Murder has come to the peaceful prestigious coastal Cape Bonita, shattering the town’s illusion of safety. Gretchen Nelson is found murdered early one morning, in the parking lot of the local Catholic church, her throat cut. No clues as to her killer can be found. It’s not long before another girl succumbs to the killer. She is found on school grounds, same manner of death, and now they have a pattern. Narcissistic biatches seem to be the killer’s target, all of them members of the all-girl high profile Larks Club. A third murder cements the pattern. The Larks are being targeted. But who? Will the killer be caught before any others die?
As a murder mystery, I enjoyed this story. I’m going to be honest. I didn’t care much for the victims. They were asses. Despite the point of the Larks club being charitable acts, they were not charitable people. I got the feeling they did this not because they wanted to, but because it made them “look good”. Ugh. The concept of death was sad, but those particular victims didn’t elicit specific sadness, except for the last one.
The primary narrator was Penelope Malone, president of the Larks. I enjoyed seeing how she grew and matured during this time, managing to evolve beyond the narcissism. My favourite character was Cass, whom they all treated as pariah at first, though Penelope finally took time to really get to know him. I just kinda feel none of them really deserved his friendship, and I don’t understand why he liked Penelope.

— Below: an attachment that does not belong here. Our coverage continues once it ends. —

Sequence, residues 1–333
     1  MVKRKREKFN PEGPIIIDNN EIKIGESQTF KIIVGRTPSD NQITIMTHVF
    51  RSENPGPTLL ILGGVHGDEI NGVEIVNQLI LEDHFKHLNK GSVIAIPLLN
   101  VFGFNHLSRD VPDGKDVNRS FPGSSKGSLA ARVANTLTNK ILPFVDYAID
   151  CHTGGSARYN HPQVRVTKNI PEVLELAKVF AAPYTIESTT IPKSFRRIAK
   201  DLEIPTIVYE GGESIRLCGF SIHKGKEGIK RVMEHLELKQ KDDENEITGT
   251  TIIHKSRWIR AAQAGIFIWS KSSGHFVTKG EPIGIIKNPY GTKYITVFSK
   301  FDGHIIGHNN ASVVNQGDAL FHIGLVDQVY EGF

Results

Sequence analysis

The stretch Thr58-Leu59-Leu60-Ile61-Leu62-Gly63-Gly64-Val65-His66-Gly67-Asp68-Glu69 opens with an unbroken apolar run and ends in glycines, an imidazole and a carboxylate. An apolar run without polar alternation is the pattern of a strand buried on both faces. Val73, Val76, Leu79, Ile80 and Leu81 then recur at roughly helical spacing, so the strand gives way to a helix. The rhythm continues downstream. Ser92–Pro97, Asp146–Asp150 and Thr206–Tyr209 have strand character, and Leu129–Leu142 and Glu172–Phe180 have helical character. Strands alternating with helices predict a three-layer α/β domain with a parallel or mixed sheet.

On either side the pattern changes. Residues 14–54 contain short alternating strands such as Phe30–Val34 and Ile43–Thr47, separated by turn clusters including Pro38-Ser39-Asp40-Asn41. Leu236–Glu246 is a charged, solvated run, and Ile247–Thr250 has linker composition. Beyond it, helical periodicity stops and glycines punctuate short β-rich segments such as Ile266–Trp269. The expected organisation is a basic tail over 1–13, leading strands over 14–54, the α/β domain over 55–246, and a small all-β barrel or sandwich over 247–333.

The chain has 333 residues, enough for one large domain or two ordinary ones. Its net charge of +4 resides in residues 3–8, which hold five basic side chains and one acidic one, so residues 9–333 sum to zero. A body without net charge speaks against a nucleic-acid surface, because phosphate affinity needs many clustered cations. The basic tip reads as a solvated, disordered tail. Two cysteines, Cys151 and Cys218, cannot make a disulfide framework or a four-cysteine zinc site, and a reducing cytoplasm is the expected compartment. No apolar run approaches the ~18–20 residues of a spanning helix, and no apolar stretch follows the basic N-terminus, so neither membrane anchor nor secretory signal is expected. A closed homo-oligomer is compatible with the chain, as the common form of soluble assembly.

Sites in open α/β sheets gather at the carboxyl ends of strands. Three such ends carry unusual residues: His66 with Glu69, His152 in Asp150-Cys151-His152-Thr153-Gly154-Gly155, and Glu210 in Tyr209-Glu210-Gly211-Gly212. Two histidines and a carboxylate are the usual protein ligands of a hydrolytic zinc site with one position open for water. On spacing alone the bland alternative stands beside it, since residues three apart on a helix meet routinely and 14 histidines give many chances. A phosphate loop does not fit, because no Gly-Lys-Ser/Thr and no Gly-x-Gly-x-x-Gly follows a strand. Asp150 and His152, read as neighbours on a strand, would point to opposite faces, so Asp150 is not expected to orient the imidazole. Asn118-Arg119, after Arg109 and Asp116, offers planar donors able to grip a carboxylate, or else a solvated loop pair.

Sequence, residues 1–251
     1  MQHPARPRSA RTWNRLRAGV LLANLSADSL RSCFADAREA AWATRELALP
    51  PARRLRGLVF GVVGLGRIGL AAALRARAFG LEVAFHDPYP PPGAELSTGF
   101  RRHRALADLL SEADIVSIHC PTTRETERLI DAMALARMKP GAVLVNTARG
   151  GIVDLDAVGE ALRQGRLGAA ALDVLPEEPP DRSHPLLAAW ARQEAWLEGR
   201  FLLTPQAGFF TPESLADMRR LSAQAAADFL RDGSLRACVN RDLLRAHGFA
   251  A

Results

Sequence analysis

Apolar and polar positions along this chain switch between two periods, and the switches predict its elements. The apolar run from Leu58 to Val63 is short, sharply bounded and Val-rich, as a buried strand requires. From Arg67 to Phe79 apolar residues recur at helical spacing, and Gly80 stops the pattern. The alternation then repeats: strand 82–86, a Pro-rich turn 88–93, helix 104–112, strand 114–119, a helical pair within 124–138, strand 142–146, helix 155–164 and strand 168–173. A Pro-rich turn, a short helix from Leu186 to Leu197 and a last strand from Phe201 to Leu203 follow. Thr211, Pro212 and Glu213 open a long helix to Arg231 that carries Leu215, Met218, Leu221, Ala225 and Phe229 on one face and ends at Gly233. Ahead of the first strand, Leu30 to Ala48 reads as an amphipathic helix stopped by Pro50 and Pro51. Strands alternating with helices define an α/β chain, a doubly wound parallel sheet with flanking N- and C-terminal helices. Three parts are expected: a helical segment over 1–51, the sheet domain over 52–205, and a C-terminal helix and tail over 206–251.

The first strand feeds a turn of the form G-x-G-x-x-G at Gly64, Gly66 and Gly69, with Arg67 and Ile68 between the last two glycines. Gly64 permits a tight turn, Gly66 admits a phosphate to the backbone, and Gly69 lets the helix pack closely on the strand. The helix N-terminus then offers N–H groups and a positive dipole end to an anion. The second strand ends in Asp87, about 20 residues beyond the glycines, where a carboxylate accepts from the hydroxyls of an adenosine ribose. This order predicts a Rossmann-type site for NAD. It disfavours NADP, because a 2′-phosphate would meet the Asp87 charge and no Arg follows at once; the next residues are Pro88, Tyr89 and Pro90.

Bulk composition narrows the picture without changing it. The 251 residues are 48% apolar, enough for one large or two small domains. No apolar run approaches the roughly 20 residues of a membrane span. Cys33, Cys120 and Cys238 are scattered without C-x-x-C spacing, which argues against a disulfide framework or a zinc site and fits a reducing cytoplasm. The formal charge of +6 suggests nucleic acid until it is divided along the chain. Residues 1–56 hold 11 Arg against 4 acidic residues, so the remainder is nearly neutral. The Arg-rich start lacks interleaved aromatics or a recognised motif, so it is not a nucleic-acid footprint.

I enjoyed the writing for the most part. I did feel there was an overuse of ellipses, and an overuse of italics to stress extra emphasis. I found it distracting, however I don’t feel it was inattention or poor skills on the author’s part. No, I think it was an accurate reflection of how these girls spoke, and since we tend to think as we speak, it was an accurate reflection of thought as well, and I probably wouldn’t have found it as annoying as I did if I didn’t already despise these characters.
There are two different viewpoints, told using different fonts. One is the unknown killer, the other is Penelope. Using different fonts really made the infrequent delvings into the killer’s viewpoint stand out. We are given two herrings early on, but they both seemed so obvious I ignored them. I did have initial qualms with the killer’s gender. The method of killing doesn’t fit. Poison is the more likely choice unless these were not random but killings driven by passion/rage. When we finally learn the killer’s past, those suspicions are borne out.
Perfect for any who love a good murder mystery.
***Many thanks to Netgalley and Entangled Publishing for providing an egalley in exchange for a fair and honest review.